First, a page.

Worst Election Since 2012

So many unused stickers ...

By Peter Wolfgang Published on November 8, 2023

It’s still a bit early. The dust from Election 2023 has not yet settled. But I don’t see a lot of silver linings in these results.

Ohio voting to put a radical abortion amendment into its state constitution is a disaster. I say that as someone who was unfazed by the electoral setbacks the pro-life movement experienced in the immediate aftermath of Roe’s repeal in 2022. In fact, what did surprise me was the gnashing of teeth by fellow pro-lifers over the immediate setbacks after the Dobbs ruling.

Maybe it is because I am in Connecticut. In the blue states, we are quite familiar with how 49 years of Roe’s legality has warped the consciences of our fellow Americans. OF COURSE there was going to be backlash in the immediate wake of Roe’s demise. OF COURSE pro-lifers would face setbacks in the near-term. Why was any of this a surprise? Why should it dampen our spirits in the epoch-changing celebration of Roe’s repeal? We are in this for the long haul.

It took us 49 years to overturn Roe. The country was changed, warped, in that time. It’s not the 1970s anymore, the decade in which we, or the generation before us, took up this fight.

Abortion and divorce are no longer the only two outliers in an otherwise good, God-fearing, nation. Other evils have since cropped up. We are deeply wounded as a people by the path that we wrongly took at the dawn of the Sexual Revolution, and that we have — against all common sense, logic, or humanity — continued to travel down in the decades since.

So the setbacks of 2022 should not have been a surprise to anyone. Just as it took us 49 years to overturn Roe v. Wade, it may take another 49 years — or more — to undo the enormous moral and spiritual damage that America visited upon itself during the Roe era.

Ohio?!

And yet, even as I approach the post-Roe era from that mindset, I am taken aback by our defeat in Ohio. This is different than 2022. This is not a failure to pass protections for the unborn in what should have been friendly territory, as occurred last year. No, this is a massive forward advance for the license to abort children.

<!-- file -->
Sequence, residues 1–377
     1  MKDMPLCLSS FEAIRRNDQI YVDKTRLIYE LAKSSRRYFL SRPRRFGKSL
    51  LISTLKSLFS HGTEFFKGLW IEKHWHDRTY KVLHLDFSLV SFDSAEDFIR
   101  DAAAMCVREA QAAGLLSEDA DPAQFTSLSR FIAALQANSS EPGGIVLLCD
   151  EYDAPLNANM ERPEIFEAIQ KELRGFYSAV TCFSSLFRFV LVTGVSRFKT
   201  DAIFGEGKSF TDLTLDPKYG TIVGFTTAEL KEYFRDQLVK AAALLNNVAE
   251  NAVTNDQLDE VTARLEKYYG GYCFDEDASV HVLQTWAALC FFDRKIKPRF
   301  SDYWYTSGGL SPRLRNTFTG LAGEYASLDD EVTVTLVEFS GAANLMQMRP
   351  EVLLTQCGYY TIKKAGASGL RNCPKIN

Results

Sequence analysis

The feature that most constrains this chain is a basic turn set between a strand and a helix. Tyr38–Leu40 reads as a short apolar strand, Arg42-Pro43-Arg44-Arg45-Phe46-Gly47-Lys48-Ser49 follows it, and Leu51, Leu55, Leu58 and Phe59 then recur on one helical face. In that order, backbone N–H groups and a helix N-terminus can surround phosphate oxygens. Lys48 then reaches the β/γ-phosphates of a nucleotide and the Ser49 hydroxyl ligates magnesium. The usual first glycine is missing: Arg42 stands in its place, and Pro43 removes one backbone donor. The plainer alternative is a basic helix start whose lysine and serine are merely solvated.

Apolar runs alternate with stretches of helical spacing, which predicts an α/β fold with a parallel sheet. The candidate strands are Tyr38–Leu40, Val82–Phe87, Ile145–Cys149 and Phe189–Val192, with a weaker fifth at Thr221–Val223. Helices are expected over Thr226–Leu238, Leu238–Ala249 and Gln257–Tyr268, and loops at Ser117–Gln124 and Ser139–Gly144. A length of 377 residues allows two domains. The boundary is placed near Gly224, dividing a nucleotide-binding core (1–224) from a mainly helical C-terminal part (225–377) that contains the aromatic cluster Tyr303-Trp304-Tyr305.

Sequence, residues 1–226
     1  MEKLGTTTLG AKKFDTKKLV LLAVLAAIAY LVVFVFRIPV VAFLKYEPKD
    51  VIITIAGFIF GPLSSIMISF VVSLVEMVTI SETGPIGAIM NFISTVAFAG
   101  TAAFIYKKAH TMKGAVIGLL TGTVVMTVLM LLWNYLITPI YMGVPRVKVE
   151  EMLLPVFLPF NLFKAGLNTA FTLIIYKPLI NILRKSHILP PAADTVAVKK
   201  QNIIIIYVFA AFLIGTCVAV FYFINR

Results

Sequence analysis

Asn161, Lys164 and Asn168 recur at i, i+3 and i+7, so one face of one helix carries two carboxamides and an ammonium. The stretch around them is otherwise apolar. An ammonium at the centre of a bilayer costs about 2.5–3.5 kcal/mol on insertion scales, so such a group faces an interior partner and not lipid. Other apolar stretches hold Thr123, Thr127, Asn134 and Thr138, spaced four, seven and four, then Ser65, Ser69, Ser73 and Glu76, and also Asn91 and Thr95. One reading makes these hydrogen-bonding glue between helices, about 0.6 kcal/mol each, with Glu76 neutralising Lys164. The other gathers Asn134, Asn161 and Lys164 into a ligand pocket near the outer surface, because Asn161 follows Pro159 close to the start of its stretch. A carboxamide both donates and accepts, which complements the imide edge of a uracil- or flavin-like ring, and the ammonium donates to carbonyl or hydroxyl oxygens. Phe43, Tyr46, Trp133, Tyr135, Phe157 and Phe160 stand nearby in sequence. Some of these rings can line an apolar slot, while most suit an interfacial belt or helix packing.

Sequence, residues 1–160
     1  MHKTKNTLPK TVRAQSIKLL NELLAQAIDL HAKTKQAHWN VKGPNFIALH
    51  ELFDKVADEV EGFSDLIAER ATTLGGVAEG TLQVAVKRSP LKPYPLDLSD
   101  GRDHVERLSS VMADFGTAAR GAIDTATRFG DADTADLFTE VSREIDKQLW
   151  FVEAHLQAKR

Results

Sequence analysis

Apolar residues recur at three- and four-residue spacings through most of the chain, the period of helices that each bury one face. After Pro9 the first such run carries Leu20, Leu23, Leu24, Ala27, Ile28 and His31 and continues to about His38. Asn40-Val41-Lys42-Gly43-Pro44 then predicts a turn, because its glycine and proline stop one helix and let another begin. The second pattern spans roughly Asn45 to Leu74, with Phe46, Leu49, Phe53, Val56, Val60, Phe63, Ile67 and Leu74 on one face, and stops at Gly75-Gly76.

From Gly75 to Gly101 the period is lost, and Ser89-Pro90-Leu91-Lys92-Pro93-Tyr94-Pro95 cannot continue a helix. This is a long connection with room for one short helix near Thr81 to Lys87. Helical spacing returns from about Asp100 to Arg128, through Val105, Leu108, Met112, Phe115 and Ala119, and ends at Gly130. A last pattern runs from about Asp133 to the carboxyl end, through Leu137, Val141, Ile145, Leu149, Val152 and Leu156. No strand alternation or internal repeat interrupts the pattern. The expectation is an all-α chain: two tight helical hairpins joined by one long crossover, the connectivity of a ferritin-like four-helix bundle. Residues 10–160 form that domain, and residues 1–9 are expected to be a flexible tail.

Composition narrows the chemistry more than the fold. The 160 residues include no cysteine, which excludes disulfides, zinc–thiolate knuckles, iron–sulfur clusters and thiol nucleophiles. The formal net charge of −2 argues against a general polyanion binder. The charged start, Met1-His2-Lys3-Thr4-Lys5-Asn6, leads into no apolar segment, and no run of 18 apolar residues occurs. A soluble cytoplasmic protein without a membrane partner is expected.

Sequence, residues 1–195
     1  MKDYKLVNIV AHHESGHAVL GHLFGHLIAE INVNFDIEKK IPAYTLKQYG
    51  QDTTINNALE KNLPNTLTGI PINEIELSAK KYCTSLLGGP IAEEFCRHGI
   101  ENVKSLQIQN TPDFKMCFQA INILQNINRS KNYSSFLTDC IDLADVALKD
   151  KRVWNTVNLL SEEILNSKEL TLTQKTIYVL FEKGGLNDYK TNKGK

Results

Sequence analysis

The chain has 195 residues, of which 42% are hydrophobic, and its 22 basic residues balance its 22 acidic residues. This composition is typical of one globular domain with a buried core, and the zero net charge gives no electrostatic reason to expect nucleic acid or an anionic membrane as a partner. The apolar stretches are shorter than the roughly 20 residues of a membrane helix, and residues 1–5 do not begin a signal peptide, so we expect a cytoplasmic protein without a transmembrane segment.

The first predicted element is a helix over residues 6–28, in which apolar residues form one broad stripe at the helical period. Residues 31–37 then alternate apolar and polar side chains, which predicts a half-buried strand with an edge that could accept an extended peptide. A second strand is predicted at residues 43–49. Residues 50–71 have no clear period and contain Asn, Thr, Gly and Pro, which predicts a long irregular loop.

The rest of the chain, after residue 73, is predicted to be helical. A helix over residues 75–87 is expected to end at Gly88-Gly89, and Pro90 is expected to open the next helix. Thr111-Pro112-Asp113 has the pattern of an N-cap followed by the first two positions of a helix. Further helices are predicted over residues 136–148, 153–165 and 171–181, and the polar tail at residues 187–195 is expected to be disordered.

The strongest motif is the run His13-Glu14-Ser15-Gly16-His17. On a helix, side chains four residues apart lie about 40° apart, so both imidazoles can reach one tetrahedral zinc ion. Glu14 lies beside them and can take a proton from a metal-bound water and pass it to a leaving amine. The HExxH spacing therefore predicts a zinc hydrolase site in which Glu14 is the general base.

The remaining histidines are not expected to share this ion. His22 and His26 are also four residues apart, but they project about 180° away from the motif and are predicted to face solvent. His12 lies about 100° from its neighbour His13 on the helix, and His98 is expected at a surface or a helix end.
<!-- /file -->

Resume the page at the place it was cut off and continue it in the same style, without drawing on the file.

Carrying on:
In. Ohio.

And yes, I know. The pro-abortion people massively outspent us in Ohio. The media was against us, as always. The Republican Party committed suicide-by-consultant, as always.

But, still. Ohio?

George W. Bush won in 2004 precisely because his pro-life and pro-family positions won him Ohio. Mitt Romney lost in 2012 precisely because his abandonment of social issues lost him Ohio. So for Ohio to turn on the unborn, as it did yesterday, is big. Bigger than any setback we suffered in 2022.

The closest recent analogy that I can think of is 2012. That was the year the Democrat Party dropped any pretense of social moderation, embraced same-sex marriage, abandoned religious liberty … and still won. If you are familiar with the modern history of the Democratic Party, as far back as FDR switching out crypto-commie Henry Wallace for everyman Harry Truman as his running mate, you know that 2012 was a turn, the year the party finally and fully embraced its far left. Worse, they won. The only other time the party did it, with McGovern in 1972, they lost in a landslide. By 2012, the country’s mores had been significantly altered.

Thus it was in 2012. So it seems in Ohio in 2023. And elsewhere.

Dobbs said it was returning the issue to the people, not to the states. Well, the people have a say on the federal level too.

Abortion was the deciding factor in Republican losses in Kentucky and Virginia. A year ago, the debate was whether Trump’s Senate picks, or Roe’s repeal, was responsible for the expected red wave being reduced to a red ripple. The truth was probably some combination of both. But abortion, not Trump, was the issue in these three states in 2023.

We Must Think Anew About Our Post-Roe Path